In the beginning. That which doesn’t kill us makes us stronger. To be or not to be—that one just six different letters. Jesus wept—two words of nine characters made from only seven letters. But, man, pretty powerful when placed in the right position, no?
What power comes from the concise and clear ordering of just 26 letters!
I can’t write, my students say; my grandmother said; my very own demons say when something needs to be said but I’m at a loss of words. The history of English has turned and spun back on itself, argued with endings and double negatives, trampled meaning, treasured nuances, made murderers of us all, and unearthed muses to slipknot a string of letters, tie together thoughts like popcorn for a Christmas tree, individual kernels only able to dangle dutifully due to one common thread.
I do. Rest in Peace. Go to Hell. I quit. Fuck you. I love you—that last, most dangerous combo comes in at just 7 letters.
The English language, more specifically the alphabet, was not alphabetical at first, made that way in the 1300’s on Syria’s northern coast. Today, we slaughter its beauty with a cacophony of sounds whose aesthetic value is lost in translation while simultaneously softening hardened hearts with poetry and prose for the ages. For nearly a millennium this alphabet whose letters lay the way for understanding in multiple languages, has dictated decrees, is uttered by infants one syllable at a time until by age five they’ve mastered the twenty six consonants and vowels. What circles of wonder are children’s faces when someone’s tongue pushes out “toy” “treat” “your mommy’s here” “your daddy’s home.”
Plato said “Wise men talk because they have something to say, fools, because they have to say something”; Socrates said “false words are not only evil in themselves, but they infect the soul with evil.” The sins of our fathers forever condemn us to hell but for confession, penance, and absolution.
Forgive me father for I have sinned—29 characters but just 14 letters.
Of all the languages on the planet, English has the largest vocabulary at more than 800,000 words, all from those same 26 symbols.
There are roughly 45,000 spoken languages in the world, about 4500 written today, but almost half of them are spoken by less than a thousand people. English, though, is the most common second language on Earth—translated or original, the Magna Carter, The Declaration, The Bible, the Koran, the Torah, the tablets tossed by Moses and a death certificate are all reassembled versions of the same twenty-six triggers.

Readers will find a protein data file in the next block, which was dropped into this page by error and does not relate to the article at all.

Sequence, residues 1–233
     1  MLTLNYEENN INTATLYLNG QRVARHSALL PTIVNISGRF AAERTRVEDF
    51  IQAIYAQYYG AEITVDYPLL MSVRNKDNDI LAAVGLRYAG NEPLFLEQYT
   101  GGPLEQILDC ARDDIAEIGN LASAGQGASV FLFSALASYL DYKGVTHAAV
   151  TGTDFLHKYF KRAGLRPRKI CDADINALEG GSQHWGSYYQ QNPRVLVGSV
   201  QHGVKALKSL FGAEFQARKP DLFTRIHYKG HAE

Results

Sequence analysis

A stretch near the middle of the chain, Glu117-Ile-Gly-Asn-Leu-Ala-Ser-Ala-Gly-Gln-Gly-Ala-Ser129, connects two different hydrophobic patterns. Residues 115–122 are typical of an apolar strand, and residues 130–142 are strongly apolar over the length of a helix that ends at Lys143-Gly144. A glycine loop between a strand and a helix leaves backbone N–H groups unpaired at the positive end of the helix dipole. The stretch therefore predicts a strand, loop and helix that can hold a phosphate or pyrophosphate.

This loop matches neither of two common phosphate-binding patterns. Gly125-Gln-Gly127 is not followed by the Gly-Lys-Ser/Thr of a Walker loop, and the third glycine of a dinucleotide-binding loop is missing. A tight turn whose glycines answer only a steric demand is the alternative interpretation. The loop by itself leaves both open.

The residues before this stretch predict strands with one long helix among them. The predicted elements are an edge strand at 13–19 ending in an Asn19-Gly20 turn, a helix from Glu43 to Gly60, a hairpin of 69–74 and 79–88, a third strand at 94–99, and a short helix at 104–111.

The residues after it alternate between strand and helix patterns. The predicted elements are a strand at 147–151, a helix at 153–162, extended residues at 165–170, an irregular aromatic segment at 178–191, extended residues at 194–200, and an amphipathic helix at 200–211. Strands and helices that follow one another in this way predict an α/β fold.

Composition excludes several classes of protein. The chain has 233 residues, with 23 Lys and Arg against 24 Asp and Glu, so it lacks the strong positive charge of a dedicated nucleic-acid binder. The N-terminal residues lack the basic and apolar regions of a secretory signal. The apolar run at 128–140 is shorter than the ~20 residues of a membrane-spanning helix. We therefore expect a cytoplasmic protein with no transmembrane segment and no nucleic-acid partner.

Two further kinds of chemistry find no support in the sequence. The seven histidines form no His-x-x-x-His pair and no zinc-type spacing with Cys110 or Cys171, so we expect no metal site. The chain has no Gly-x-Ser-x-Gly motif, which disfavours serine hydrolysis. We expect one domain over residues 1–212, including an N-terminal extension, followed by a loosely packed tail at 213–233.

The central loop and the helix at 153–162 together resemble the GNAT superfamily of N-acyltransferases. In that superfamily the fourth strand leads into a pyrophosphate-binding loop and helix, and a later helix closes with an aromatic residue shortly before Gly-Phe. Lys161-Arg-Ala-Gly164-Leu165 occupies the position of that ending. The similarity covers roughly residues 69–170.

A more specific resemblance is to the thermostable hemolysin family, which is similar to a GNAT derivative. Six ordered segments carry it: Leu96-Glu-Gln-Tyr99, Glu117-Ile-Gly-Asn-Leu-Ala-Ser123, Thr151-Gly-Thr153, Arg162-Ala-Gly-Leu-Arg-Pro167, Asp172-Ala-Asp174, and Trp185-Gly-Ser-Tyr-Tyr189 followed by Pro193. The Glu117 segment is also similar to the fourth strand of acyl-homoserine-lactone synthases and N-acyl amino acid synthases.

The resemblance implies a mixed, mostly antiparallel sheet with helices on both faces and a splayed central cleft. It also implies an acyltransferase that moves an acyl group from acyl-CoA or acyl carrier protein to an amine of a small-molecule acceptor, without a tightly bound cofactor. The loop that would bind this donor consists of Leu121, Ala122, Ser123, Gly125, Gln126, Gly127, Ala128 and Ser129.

I have a dream—eight letters.
Ask not what your country can do for you; ask what you can do for your country—fourteen.
We the People–seven
Billowy is one of only a few seven letter words whose six letters remain alphabetical. Spoon-feed is the longest, at nine letters, whose seven letters are reverse-alphabetical.
We can talk, us English. We can spin a yarn, chew the fat, beat the gums, flap the lips. We have the gift of gab, we run off with the mouth, we can spit it out, shoot the breeze, talk someone’s ears off, or just talk shop, talk turkey, talk until we’re blue in the face, be the talk of the town. We can, for certain, at just seven letters, bullshit.
My point (7 letters) is that (3 letters) sometimes, despite our skills (4 letters) with the English language (6 letters), we are often left, at just six letters, speechless.
Like in the hospital that day.
I had aged three decades, you not one day. The light lingered through a dangling blue curtain and bathed your face, your hair, your cry, and when you breathed, you gasped hard, jerked backwards, and then you were fine, and there, for the first time, I knew I knew nothing about language; that Shakespeare, Keats, Wordsworth, would be worth nothing to me had they been muses in my mind feeding me phrases to capture what I saw when I saw you. There are no words. No language has been invented to allow me enough expression that others can read how I felt, how every day suddenly had been renewed, every hope, every single possibility, the innocence, the honesty, the complete aliveness where no life had been. No. It has never, can never be captured with twenty six times twenty six letters.
Perhaps some symphonic phrase might come closer than the limitations of language. This is the frustration of poets, the complete sense of ineptitude of writers. To define that first breath, the slight lean forward, that light through a blue curtain at just that moment. Language, for all of its potential, can impose such limitations.
I said hello. And nothing ever again would be bathed in silence.